An internet advice column responded to the question of a man who was uncomfortable with the idea that, assuming the two of them would marry, his girlfriend would not agree to take his last name. The columnist deftly turns his original question around in her reply, suggesting that perhaps he should agree to take her name or that the two of them could form a new surname unique to the both of them. Inherent in the whole of the reply is the assertion that the soon-to-be husband in question isn't nearly as open and accepting of a woman's right to individual choice as he thinks he is. The major issues expressed in the column are an articulation that men who place demands upon women, especially in situations like these are speaking from a place of privilege and in so doing need to rethink their attitudes. When politically problematic and personal choice butt heads, the two almost always clash.
A particularly popular line of thinking states that, should a woman make a conscious decision to participate in what would at its face be a restrictive, oppressive custom, she should be allowed to do so without being criticized as somehow violating the aims of women's rights. Up to a point, I think this statement is justified but if one expands the application, it becomes more and more problematic. It should be noted that not all oppressions are the same, but in an earlier post this week, I tried to draw a parallel between all systematic injustices. If, for example, an African-American chooses consciously to dress in blackface and to participate a minstrel show, offensive and demeaning though it is, is the practice any less evil and reprehensible if it is justified by deliberate personal choice?
I am completely in support of not putting litmus or purity tests upon people that would denote whether or not that they are authentic enough to consider themselves part of any activist movement. Sometimes as activists we deliberately divide things into politically problematic categories for the ease of highlighting that which we oppose and know to be wrong. We also end up being as rough on ourselves for not living up to our high-minded ideals as we are for those who inspire our disgust and anger. To me, at least, I sometimes sense some cognitive dissonance between “here is something that is clearly wrong, which we oppose” and “well, if you invalidate that which is wrong for you yourself based on personal choice, then it ceases to be objectionable”. I know that many of us attempt to avoid essentialist arguments whenever possible, but sometimes I think evil is just that...evil.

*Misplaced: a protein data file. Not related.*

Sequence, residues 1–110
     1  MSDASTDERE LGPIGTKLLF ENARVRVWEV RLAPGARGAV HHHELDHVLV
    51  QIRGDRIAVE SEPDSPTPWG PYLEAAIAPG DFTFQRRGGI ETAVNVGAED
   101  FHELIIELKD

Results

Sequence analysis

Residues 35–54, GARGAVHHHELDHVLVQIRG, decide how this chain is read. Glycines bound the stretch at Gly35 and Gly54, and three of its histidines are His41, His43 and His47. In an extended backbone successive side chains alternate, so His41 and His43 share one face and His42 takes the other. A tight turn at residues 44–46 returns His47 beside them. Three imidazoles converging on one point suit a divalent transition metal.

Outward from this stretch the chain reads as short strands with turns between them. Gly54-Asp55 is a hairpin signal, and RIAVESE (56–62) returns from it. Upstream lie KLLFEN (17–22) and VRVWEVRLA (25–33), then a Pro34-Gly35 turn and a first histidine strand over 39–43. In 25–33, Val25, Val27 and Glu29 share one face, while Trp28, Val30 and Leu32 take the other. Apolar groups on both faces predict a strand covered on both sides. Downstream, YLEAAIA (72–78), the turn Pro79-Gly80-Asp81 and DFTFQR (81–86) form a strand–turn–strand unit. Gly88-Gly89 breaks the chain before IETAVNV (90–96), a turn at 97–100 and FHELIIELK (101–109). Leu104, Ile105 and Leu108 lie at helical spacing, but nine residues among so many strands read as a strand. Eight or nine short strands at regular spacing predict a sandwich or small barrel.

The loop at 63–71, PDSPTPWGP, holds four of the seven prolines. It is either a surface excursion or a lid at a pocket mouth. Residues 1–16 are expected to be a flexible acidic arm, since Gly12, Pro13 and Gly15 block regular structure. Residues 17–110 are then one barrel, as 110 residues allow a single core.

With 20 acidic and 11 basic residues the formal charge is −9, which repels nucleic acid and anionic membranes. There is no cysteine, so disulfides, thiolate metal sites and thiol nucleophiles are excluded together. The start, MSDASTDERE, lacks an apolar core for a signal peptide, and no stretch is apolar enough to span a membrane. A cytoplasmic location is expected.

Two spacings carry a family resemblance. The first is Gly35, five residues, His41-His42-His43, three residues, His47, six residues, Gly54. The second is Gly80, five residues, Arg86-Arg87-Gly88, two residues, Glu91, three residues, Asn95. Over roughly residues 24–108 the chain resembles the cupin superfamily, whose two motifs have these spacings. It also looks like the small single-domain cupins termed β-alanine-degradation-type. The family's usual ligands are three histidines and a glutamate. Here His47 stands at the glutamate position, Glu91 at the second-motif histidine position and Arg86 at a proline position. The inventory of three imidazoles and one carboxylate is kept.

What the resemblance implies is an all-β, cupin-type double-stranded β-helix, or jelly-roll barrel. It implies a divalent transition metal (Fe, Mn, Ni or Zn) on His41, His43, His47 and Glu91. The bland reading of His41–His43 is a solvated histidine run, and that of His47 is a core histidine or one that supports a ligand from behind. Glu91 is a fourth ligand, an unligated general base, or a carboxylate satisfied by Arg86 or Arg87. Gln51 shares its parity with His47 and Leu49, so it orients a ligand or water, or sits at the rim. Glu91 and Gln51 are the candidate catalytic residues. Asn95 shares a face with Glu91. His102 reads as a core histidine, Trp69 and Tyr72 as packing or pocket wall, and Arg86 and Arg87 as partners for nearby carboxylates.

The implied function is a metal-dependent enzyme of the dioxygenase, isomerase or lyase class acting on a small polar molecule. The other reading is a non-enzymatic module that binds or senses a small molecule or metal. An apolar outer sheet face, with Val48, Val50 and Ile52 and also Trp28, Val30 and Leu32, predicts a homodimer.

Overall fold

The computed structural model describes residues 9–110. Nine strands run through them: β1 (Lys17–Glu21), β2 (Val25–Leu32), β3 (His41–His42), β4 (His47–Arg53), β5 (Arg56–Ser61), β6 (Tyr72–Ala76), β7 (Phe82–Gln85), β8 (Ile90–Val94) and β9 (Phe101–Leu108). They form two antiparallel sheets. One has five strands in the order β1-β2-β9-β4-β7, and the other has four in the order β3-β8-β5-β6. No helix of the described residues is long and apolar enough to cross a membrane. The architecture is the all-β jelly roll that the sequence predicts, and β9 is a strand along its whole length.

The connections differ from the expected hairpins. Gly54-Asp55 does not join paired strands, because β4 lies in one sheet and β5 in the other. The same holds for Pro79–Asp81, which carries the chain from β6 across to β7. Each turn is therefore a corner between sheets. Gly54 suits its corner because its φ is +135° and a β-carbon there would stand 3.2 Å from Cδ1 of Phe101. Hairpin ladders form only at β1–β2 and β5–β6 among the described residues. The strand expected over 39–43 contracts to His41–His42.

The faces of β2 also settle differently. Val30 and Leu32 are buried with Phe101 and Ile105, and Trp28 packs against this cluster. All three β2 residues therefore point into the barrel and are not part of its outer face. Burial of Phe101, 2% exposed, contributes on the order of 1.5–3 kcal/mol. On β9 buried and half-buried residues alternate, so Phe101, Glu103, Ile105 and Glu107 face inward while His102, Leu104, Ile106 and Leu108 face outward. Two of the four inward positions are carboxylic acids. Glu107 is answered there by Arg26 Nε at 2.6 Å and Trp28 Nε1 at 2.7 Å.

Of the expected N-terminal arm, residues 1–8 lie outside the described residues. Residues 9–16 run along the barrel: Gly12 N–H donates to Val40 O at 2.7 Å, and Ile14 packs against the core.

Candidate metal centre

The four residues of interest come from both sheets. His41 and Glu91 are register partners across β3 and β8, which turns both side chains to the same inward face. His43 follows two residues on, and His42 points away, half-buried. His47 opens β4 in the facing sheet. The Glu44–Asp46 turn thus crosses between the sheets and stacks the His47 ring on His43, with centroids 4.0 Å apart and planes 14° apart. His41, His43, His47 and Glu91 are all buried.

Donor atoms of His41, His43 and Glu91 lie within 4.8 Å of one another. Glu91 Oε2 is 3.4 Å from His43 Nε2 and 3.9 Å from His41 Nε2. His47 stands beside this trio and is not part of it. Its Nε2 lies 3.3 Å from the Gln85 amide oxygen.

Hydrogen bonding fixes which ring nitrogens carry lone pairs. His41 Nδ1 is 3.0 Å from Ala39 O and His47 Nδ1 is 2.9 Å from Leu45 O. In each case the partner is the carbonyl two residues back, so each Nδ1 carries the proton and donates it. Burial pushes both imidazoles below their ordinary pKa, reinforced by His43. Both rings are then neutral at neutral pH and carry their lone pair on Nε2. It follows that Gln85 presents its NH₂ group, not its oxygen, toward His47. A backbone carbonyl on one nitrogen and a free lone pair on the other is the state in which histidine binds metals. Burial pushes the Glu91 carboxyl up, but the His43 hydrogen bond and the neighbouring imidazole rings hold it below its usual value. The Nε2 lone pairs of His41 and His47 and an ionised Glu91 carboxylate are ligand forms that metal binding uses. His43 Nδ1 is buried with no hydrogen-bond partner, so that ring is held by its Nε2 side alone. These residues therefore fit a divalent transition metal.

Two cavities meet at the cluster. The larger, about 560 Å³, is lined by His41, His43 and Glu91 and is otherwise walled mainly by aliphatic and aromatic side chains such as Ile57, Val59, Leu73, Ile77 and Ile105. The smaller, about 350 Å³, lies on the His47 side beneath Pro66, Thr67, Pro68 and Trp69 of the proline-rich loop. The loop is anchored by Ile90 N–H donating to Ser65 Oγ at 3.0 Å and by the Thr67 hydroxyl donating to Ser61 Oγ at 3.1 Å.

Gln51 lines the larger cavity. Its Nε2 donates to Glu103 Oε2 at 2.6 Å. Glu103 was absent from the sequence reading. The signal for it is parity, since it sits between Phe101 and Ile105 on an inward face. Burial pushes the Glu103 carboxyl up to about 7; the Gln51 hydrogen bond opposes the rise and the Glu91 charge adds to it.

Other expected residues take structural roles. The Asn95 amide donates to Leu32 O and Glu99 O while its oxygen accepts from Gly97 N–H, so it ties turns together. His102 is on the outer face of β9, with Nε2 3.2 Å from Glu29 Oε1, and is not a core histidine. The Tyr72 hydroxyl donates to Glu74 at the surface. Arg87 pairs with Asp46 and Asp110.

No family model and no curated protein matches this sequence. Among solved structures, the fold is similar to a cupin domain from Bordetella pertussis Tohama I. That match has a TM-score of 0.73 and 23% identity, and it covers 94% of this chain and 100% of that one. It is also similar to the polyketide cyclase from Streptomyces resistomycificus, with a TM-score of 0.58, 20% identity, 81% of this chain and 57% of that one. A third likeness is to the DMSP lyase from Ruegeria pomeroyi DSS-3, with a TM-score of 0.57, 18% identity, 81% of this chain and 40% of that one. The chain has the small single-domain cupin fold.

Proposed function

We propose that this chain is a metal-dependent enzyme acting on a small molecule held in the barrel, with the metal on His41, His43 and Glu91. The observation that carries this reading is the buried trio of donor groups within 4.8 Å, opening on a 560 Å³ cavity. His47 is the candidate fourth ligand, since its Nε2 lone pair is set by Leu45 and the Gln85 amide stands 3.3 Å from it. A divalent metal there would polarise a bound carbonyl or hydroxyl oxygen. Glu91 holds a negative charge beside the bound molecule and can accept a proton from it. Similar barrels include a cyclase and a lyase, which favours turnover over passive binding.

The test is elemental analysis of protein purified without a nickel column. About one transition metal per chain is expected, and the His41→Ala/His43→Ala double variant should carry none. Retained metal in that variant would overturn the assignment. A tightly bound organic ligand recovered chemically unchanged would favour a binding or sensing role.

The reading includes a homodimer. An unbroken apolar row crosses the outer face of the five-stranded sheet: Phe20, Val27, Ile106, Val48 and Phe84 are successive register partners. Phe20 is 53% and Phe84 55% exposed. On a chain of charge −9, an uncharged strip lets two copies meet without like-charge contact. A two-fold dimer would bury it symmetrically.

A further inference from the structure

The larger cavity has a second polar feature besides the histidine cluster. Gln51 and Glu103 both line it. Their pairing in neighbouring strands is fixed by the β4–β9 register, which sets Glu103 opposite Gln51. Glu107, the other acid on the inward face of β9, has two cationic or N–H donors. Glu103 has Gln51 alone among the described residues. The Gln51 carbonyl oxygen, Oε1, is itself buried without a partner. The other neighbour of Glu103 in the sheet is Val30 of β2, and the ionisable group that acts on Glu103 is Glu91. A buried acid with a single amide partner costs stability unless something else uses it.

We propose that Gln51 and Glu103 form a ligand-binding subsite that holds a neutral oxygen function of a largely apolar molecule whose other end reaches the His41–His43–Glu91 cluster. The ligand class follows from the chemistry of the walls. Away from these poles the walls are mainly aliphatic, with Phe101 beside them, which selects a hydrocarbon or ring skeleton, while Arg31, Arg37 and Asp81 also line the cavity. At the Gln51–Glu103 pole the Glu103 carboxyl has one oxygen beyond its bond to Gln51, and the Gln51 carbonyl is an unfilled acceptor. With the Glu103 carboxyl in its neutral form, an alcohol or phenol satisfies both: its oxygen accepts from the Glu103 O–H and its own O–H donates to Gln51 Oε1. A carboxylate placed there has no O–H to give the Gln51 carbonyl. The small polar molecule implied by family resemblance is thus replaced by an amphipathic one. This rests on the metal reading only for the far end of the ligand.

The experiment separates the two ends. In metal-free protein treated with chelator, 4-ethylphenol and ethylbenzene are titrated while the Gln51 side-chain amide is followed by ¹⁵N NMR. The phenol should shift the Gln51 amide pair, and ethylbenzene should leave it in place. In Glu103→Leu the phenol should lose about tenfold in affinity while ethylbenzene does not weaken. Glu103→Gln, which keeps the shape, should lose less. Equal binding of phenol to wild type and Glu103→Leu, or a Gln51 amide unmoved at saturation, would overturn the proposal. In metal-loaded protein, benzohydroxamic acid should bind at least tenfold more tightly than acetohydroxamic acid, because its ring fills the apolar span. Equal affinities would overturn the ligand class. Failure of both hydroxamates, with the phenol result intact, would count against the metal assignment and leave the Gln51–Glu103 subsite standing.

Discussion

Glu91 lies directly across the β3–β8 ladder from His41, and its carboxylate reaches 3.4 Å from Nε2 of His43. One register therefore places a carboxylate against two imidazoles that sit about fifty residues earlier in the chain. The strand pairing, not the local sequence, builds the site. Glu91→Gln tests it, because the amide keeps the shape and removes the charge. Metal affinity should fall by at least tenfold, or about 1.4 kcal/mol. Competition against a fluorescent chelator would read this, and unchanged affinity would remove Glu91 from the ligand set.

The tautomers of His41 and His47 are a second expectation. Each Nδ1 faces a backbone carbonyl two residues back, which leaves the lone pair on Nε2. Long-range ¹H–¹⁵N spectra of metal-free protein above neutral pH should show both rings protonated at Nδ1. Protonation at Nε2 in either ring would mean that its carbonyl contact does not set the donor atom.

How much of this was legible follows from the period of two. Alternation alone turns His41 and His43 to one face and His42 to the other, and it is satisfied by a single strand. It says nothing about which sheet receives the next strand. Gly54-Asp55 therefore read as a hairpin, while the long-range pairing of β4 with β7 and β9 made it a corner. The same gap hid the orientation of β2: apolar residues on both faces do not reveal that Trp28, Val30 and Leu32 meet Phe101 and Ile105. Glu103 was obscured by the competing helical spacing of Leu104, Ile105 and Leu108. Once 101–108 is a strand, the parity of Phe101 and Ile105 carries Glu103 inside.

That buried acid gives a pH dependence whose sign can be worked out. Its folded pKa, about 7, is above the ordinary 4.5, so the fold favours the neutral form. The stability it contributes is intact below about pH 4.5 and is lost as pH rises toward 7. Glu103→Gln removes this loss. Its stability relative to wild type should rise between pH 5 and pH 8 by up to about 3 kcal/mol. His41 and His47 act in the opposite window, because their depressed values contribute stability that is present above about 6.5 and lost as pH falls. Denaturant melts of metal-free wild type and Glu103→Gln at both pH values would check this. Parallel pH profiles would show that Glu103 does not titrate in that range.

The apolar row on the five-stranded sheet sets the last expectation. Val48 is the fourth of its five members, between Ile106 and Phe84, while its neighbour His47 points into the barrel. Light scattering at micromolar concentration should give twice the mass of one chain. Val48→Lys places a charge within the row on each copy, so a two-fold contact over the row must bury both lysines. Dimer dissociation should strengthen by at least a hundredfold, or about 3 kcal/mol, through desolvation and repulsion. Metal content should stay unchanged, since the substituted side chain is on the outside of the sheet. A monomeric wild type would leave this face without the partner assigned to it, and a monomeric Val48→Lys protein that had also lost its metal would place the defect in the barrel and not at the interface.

The concept of reclaiming epithets is a related topic to this one. For example, the word "queer", two generations back, was a very hurtful and damning epithet, which has in the past few decades been reclaimed as a very useful blanket term denoting succinctly that which is not heterosexual. Yet, I recall that the first time I heard the term applied this way I still perceived of the word as a pejorative, one which I quite reflexively interpreted to be nonetheless deeply offensive, regardless of the context. As a result, even now it still makes me uncomfortable to write it or say it, even around those aware of its alternate meaning and thus unlikely to draw the wrong conclusion. Though I wish it were not so, I know I'm not the only person who seeks to nimbly walk an often blurry line. Feminism, in particular, seeks to draw no distinction between the personal and political, finding them to be one in the same.
So what happens when politically problematic and personal expression meet? A blogging friend whose insight provided the impetus to write this post put it this way.
When I was a kid I really liked and admired pioneer days. I was particularly interested in making foods (cheese, butter, and so on) that I knew were once made by hand [in the past], but could not [visualize] making by hand in the modern world. So I read the Diary of Susanna Moodie and the Little House series. I bought a butter churn and asked my parents for antiques for my birthday. For me, it represented a way of connecting with women’s history that I was not learning much about in school. I also dressed up in pioneer dresses [as well]. [Doing so] was personally important for me.